Pontoon Bridges: The Great Crossings
Yesterday Sarah Kay Bierle looked at the ancient uses of pontoon bridges and its perspectives on the 1862 Battle of Fredericksburg. While she addressed the difficulties of bridging rivers, I would like to look at the other side of the coin: the most successful river crossings in the past 155 years.
Students of the Civil War are no doubt familiar with the 1864 Overland Campaign and its bloody battles between the Federal forces under U.S. Grant and Robert E. Lee’s Army of Northern Virginia. But one aspect sometimes gets overlooked: the Federal crossing of the James River by ferry and bridge between June 13 and 17, 1864. The movement involved over 100,000 men, 5,000 vehicles, and 58,000 animals. Some moved by steamer and ferry, while two corps and the support elements of Grant’s forces crossed via a 2,200-foot pontoon bridge over the James, which is tidal at that point. This crossing was a triumph of logistics; the bridge over the James ranks as the longest pontoon bridge in military history.
This last statement may strike some as erroneous – the British bridge over Burma’s Chindwin River in December 1944 is often billed as the longest in military history. But that Bailey Bridge totaled only 1,600 feet including approaches; it was the longest Bailey Bridge built up to that time and was so reported in the press.
But even the Chindwin bridge wasn’t the longest Bailey Bridge in history. That honor goes to the 1,800-foot crossing of the Rhine built by Canadian and American engineers in March 1945.
Honorable mention must go to Sir William Slim’s Fourteenth Army with its crossing of Burma’s Irrawaddy River in February-March 1945. Too deep and swift to bridge, and ranging in width from 1.5 to 3.2 miles, the British and Indian troops used ferry operations and airlift to get across and press toward Mandalay.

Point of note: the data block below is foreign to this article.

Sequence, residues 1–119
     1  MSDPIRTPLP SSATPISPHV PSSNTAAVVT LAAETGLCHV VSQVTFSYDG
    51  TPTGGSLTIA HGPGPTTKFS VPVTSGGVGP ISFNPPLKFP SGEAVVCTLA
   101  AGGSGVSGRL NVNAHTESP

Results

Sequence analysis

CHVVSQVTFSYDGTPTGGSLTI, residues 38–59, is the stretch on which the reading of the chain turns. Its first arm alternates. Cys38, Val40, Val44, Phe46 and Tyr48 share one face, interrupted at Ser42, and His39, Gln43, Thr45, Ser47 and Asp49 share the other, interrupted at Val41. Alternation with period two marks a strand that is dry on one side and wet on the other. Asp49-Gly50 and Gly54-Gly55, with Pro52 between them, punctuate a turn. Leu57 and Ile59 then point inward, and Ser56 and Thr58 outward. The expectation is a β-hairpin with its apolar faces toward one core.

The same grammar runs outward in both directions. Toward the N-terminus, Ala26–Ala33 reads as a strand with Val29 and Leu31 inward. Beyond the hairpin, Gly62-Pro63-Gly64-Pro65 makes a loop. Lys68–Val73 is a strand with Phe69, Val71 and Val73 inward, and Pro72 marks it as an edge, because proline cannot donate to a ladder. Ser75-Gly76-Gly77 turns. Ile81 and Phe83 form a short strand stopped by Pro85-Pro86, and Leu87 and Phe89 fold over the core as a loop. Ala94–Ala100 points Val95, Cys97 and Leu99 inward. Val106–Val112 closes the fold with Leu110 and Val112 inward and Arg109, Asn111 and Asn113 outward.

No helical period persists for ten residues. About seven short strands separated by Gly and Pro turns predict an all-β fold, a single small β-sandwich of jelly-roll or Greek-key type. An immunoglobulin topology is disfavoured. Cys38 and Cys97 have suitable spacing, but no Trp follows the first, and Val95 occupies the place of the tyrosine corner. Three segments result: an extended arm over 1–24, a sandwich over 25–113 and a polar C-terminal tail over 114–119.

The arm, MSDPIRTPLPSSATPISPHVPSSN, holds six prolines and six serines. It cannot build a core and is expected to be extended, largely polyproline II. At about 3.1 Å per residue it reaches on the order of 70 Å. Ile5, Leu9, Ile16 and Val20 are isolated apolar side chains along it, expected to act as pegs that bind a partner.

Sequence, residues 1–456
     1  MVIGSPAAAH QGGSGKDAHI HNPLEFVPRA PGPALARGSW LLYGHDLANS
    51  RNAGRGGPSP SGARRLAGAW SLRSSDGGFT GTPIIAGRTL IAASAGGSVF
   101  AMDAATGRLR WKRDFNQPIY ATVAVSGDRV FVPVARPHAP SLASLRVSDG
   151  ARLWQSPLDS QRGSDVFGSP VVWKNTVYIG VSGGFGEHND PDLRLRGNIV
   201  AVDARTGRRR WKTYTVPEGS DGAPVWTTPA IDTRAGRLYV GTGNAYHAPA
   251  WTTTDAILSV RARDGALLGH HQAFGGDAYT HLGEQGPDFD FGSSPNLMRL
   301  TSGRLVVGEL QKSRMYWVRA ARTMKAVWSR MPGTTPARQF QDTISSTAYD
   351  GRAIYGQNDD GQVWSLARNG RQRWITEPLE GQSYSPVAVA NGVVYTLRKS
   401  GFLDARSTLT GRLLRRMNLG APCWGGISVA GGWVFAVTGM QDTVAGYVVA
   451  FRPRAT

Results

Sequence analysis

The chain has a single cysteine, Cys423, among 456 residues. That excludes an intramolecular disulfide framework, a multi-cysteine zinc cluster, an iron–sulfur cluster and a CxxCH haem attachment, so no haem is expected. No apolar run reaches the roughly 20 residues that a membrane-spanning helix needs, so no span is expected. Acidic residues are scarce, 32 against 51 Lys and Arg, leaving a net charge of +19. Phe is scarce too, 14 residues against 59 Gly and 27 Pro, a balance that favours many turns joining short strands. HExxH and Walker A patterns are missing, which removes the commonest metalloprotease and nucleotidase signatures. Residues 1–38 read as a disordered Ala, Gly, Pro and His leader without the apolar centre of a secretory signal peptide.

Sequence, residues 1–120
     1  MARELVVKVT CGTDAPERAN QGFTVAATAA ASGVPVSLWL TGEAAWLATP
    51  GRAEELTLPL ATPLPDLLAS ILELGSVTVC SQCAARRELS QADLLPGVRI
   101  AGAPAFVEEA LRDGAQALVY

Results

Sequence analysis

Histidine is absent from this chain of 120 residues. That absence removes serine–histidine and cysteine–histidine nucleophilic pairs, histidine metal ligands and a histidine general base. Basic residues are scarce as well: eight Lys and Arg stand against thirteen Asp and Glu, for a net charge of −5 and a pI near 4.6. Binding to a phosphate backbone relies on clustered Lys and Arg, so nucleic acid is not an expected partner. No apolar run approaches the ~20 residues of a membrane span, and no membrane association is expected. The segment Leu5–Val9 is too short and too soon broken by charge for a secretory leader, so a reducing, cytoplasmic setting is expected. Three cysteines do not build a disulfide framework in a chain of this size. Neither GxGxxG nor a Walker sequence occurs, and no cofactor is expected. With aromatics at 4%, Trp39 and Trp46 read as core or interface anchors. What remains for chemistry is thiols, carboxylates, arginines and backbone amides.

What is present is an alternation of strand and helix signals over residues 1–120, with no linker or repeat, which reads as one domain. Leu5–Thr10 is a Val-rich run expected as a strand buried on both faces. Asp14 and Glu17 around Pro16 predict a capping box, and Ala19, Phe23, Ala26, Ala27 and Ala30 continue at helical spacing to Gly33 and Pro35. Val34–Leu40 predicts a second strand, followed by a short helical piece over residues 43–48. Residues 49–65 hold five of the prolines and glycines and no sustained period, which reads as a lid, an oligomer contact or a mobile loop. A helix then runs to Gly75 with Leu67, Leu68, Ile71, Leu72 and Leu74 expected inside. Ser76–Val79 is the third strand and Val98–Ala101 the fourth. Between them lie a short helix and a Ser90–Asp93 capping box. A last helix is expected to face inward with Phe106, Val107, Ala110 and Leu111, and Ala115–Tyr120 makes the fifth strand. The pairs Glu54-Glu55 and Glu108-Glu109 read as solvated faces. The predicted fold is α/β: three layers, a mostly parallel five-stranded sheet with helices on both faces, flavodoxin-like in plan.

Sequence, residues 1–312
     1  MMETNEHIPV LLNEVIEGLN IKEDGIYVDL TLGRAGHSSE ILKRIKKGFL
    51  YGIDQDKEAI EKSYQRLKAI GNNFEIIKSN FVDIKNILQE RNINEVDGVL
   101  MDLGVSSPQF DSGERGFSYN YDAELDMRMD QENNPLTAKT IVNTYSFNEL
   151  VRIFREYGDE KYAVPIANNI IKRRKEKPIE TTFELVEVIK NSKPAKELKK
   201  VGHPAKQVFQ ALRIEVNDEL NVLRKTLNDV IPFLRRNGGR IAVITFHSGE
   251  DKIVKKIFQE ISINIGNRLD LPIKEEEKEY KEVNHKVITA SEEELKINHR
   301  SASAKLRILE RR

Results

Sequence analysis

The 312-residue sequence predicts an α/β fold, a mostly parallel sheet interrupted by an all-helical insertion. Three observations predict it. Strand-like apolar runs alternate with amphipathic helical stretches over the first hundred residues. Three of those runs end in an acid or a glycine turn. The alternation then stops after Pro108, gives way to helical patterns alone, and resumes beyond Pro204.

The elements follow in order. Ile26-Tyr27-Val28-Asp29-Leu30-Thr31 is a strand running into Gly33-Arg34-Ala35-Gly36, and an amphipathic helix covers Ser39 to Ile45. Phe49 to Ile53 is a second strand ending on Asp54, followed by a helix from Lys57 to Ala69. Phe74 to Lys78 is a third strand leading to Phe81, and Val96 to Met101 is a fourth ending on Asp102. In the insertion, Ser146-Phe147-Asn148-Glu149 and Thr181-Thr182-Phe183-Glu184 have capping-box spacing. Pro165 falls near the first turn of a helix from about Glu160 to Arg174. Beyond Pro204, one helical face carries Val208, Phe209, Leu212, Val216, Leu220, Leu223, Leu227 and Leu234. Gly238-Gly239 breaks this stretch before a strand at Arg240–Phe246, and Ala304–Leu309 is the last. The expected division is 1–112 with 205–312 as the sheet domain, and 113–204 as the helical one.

These comparison cases from World War II only serve to highlight the Federal achievement of 1864 – an insufficiently-heralded moment in military history.
Top Image: Grant watches the crossing of the James, 1864.
Upper Middle: The Chindwin River Bridge, 1944.
Lower Middle: The Rhine River Bridge, March 1945.
Below: VIPs cross the Rhine Bridge, March 28, 1945. Left to right: Field Marshal Sir Alan Brooke, CIGS; British Prime Minister Winston Churchill; Field Marshal Sir Bernard L. Montgomery, commander of 21 Army Group; and Lieutenant General William H. Simpson, commander of U.S. Ninth Army.
6 Responses to Pontoon Bridges: The Great Crossings
I think Grant’s crossing of the Tennessee at Chattanooga, thanks in large part to Hazen’s advance strike force, was a great example, too, although the crossing of the James dwarfed it by all measures!
There is a wonderful article on the 1864 James River Crossing in Engineer Magazine, September-December 2009. Part of our tour kit for our battlefield tour of Petersburg
and Appomattox in 2011.
Bob Stoller Past President, Chicago Civil War Round Table
I’m curious as to where all the pontoon boats and planks came from?
Bridging equipment was often attached to the Army of the Potomac in anticipation of its immediate use, like before the Battle of Fredericksburg in 1862. Engineer units maintained the equipment and placed the bridges.
At Chattanooga in October 1863, everything was fabricated locally, including the boats, by the Michigan Engineers with support from infantry regiments detailed to the engineers, including my great-grandfather’s regiment, the 21st Michigan. They cut the timber, milled logs into boards, and caulked the boats with cotton. For the Brown’s Ferry operation, they floated Hazen’s landing force down the river in the pontoon boats, and once the amphibious forces were landed before first light, used the boats to support the bridge built with lumber hauled by wagons overnight across Moccasin Bend.
Thank you for your response, Ted. That was an amazing operation to pull off without all the machinery we have today. Good old man and horsepower! Congrats on being a descendant of such an admirable man. I really appreciate you taking the time to enlighten me. Stay safe! Dave